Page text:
insulation. It is reasonable to assume that sound from the front-end loader may transmit
        through the walls somewhat. Trucks were assumed to operate at low idle while inside the
        building. Furthermore, it was assumed that the front-end loader would be considerably
        louder than the sound of refuse emptying from the trucks. It should also be remembered
        that the front-end loader was modeled at high-idle conditions and assumed to operate
        continuously throughout the day. This will not be the case under actual conditions.

        The back-up alarm was modeled outdoors near the northern side of the tipping-floor
        building, where the trucks will back up. The Vanasse & Associates traffic study stated that
        an additional 3 trucks would enter the facility during a weekday morning peak hour (the
        largest number of trucks for any hour of the day). The Cadna/A model allows the user to
        input the total amount of time (throughout the entire day) during which a sound source is
        expected to operate. It was assumed that each truck’s back-up alarm would operate for 30
        seconds during a drop-off. The three (3) additional back-up alarm events per hour result in
        a 1-dBA sound level increase for any given hour. Note: it was assumed that exiting trucks
        would not operate a back-up alarm. This corresponds approximately to an additional 15
        minutes per day during which alarms might operate (3 additional truck alarms for 30
        seconds during each of the 9 hours of operation). As with the TNM results, the increases
        due to back-up alarms were added to the overall Cadna/A results. This will be shown in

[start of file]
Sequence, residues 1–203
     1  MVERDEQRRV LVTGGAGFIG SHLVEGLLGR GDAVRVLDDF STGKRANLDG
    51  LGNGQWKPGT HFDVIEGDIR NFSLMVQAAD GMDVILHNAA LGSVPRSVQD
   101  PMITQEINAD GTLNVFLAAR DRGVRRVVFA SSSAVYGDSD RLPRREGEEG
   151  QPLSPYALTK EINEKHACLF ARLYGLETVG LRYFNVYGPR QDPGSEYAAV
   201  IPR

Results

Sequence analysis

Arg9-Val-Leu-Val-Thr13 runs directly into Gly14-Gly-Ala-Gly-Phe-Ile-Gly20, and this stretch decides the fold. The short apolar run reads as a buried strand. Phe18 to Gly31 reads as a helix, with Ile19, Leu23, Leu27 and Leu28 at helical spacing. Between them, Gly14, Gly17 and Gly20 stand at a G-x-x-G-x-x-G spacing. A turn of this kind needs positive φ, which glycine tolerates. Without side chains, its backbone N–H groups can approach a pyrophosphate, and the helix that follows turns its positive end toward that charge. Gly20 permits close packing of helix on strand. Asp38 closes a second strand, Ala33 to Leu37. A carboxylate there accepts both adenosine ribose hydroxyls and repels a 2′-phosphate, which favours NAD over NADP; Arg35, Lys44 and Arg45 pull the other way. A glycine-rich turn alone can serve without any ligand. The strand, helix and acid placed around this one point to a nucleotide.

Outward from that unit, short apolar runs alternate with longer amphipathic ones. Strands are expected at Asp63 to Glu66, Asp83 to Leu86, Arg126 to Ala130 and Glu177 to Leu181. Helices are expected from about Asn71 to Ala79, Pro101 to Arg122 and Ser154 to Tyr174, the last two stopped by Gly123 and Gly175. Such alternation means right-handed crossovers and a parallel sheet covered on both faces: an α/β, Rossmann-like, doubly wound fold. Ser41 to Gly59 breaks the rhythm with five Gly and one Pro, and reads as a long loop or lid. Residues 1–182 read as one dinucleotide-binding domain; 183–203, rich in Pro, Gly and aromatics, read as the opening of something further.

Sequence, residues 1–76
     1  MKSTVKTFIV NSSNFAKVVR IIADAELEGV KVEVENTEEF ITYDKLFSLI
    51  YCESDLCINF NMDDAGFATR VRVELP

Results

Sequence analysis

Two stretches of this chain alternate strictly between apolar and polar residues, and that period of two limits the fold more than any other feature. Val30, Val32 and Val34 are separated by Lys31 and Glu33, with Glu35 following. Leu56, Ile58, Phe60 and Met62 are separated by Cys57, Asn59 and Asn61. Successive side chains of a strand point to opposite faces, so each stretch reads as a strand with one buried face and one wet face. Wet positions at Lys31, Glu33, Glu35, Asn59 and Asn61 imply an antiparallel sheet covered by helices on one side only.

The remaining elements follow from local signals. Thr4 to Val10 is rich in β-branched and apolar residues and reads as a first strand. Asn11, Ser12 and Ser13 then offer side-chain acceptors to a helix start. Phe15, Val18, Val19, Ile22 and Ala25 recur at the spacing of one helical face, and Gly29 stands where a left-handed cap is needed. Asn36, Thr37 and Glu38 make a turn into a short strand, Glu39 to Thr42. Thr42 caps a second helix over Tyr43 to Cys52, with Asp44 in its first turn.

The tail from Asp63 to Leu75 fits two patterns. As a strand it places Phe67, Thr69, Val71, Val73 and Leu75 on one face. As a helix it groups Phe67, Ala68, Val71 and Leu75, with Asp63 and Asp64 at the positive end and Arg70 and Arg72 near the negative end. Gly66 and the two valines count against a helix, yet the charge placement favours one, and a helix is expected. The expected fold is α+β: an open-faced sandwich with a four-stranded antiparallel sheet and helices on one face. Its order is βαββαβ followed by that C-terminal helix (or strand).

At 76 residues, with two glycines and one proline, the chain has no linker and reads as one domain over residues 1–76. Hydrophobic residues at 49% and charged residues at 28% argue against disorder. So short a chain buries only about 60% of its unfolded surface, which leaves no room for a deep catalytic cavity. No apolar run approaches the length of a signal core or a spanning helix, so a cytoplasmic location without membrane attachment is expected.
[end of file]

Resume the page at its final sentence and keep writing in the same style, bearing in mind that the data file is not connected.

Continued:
Section 6.3.

        The Cadna/A model was run using standard meteorological conditions of 20 degrees C (68
        degrees F), 50% relative humidity, and no wind. To be conservative, no ground attenuation
        credit was taken by the model. The maximum order of reflections was set to seven in
        Cadna/A. The reflection type of the building wall was modeled as a smooth façade/reflective
        barrier. That calculates a loss of 1 dB for sound reflecting off of the building.

6.3     Predicted Sound Level Results

        The model output is shown in Appendix B, produced directly from Cadna/A with the results
        at the evaluation points. The sound level results at each point are shown in Table 5. Note
        that the results account for the presence of back-up alarms and truck traffic in incremental
        terms. Even with the back-up alarm increase and the 2-dBA increase from truck activity, all
        equipment operation will meet the MA DEP noise policy.




2329 Salem Transfer Noise\report.doc            6-4                                Future Conditions
                                                                              Epsilon Associates, Inc.
Table 5: Predicted Noise Levels Due to Tipping-Floor Building Operations vs. Baseline Ambient
          Background Sound Levels – MA Noise Policy Criteria

                                                                           TNM:           Increase        Increase
                          Tipping-       Baseline         Total: